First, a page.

"Go after history, pursue it, question it."
Gary Snyder, Reed College 2011
Foundations Discovery Perspective Change
The 6th grade history and humanities curriculum works to build a foundation for studying history by asking the following essential questions:
What is history? Who are the social scientists and how do they discover and interpret the records and stories left by ancient civilizations? Who tells the stories of history and who benefits from them? From what perspective is the story of history told? What is civilization? How do civilizations change over time?
Students will begin studying ancient civilizations, beginning with the earliest humans in Africa and those creating cave art in Lascaux, France. They will learn about humans coming together to form the empires of Mesopotamia and those in India, China, Egypt (ICE). They will also travel the Silk Road to learn about cultural diffusion. We will spend much of the year studying about Greece, Rome, philosophy, myth, and the foundation of democracy. Into all of this study will be woven art, food, architecture and a thorough discussion of 5 themes of human geography: Location, Human/Environment Interaction, Place, Movement and Regions.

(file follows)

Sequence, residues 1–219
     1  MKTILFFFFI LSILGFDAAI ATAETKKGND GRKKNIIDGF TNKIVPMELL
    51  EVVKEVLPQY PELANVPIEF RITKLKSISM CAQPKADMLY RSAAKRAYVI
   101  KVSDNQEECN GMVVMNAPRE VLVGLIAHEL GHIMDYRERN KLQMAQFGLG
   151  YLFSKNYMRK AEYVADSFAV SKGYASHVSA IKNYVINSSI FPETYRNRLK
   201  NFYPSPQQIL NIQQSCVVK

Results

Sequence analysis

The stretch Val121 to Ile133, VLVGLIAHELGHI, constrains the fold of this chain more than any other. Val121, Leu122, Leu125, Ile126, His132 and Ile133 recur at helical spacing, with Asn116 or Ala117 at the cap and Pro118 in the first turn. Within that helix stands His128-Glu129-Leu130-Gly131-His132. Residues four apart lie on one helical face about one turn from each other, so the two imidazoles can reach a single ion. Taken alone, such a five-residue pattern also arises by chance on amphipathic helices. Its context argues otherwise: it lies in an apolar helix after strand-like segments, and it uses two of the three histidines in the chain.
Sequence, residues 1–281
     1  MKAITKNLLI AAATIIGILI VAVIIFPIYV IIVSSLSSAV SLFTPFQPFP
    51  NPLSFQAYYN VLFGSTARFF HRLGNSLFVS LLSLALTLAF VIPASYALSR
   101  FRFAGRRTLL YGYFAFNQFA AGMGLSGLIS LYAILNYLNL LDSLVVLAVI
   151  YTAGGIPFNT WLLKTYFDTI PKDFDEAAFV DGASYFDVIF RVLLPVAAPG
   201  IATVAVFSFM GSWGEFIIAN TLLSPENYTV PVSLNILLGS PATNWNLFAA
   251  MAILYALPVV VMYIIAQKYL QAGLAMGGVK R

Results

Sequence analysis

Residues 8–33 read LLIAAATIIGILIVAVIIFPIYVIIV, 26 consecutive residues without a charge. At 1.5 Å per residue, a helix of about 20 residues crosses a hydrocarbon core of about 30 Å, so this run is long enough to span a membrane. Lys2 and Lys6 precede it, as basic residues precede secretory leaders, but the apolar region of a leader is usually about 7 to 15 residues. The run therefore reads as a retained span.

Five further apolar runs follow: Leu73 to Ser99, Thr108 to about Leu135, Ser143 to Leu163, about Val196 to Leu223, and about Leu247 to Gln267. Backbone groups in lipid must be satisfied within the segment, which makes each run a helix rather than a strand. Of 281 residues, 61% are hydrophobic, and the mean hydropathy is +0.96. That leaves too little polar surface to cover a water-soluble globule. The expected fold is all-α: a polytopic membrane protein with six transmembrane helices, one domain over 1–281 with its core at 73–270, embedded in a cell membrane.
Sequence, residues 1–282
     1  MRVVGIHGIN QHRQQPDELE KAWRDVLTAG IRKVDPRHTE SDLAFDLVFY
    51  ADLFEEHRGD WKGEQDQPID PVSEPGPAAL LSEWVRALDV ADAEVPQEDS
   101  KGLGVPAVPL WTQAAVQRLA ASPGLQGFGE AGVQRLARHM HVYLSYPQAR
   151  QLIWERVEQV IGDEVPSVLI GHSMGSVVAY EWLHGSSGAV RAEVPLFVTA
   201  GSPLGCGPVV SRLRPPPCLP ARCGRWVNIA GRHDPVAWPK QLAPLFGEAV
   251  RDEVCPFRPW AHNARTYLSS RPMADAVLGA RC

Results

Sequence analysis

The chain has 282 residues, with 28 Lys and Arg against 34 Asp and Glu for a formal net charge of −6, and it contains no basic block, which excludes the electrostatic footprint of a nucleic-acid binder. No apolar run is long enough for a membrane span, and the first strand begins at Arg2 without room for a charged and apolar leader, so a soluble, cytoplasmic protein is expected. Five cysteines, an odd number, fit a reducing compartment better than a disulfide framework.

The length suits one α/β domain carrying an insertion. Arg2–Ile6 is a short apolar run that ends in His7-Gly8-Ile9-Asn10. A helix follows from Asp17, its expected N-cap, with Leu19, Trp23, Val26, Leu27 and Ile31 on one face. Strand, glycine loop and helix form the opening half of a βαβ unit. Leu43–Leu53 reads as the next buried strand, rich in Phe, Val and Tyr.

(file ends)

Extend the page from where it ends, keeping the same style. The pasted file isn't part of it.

Following the mission of Catlin Gabel, the study of Ancient Civilizations will be done in a hands-on, integrated, developmentally appropriate and fun way. Expect your child to get dirty as she digs for artifacts in our Backyard Dig. Expect him to grow and thrash his own wheat for baking. Expect a speech or two, as well as the building of an aqueduct or Roman Colesseum.
Learning to Learn
Reading / Study Skills / Habits of Mind
Sixth grade students learn and review their learning preferences and strategies, experiment with them and fine tune them. In conjunction with Language Arts, 6th grade students develop several techniques for reading texts containing increasingly challenging vocabulary. There is a classroom set of textbooks available but students will also use an interactive digital textbook, thus increasing their ability to practice visual and digital reading techniques. Multiple styles of note taking are connected with learning profiles, and each student eventually selects the formats that work best for him or her. Expository writing skills are woven together wth language arts instruction. Students receive guided practice in essay writing, summarizing, and paraphrasing. Research is a major part of humanities curriculum. We work closely with the Middle School librarian to learn how to find and evaluate useful resources for our studies.
Textbook - History Alive The Ancient World at Learntci.com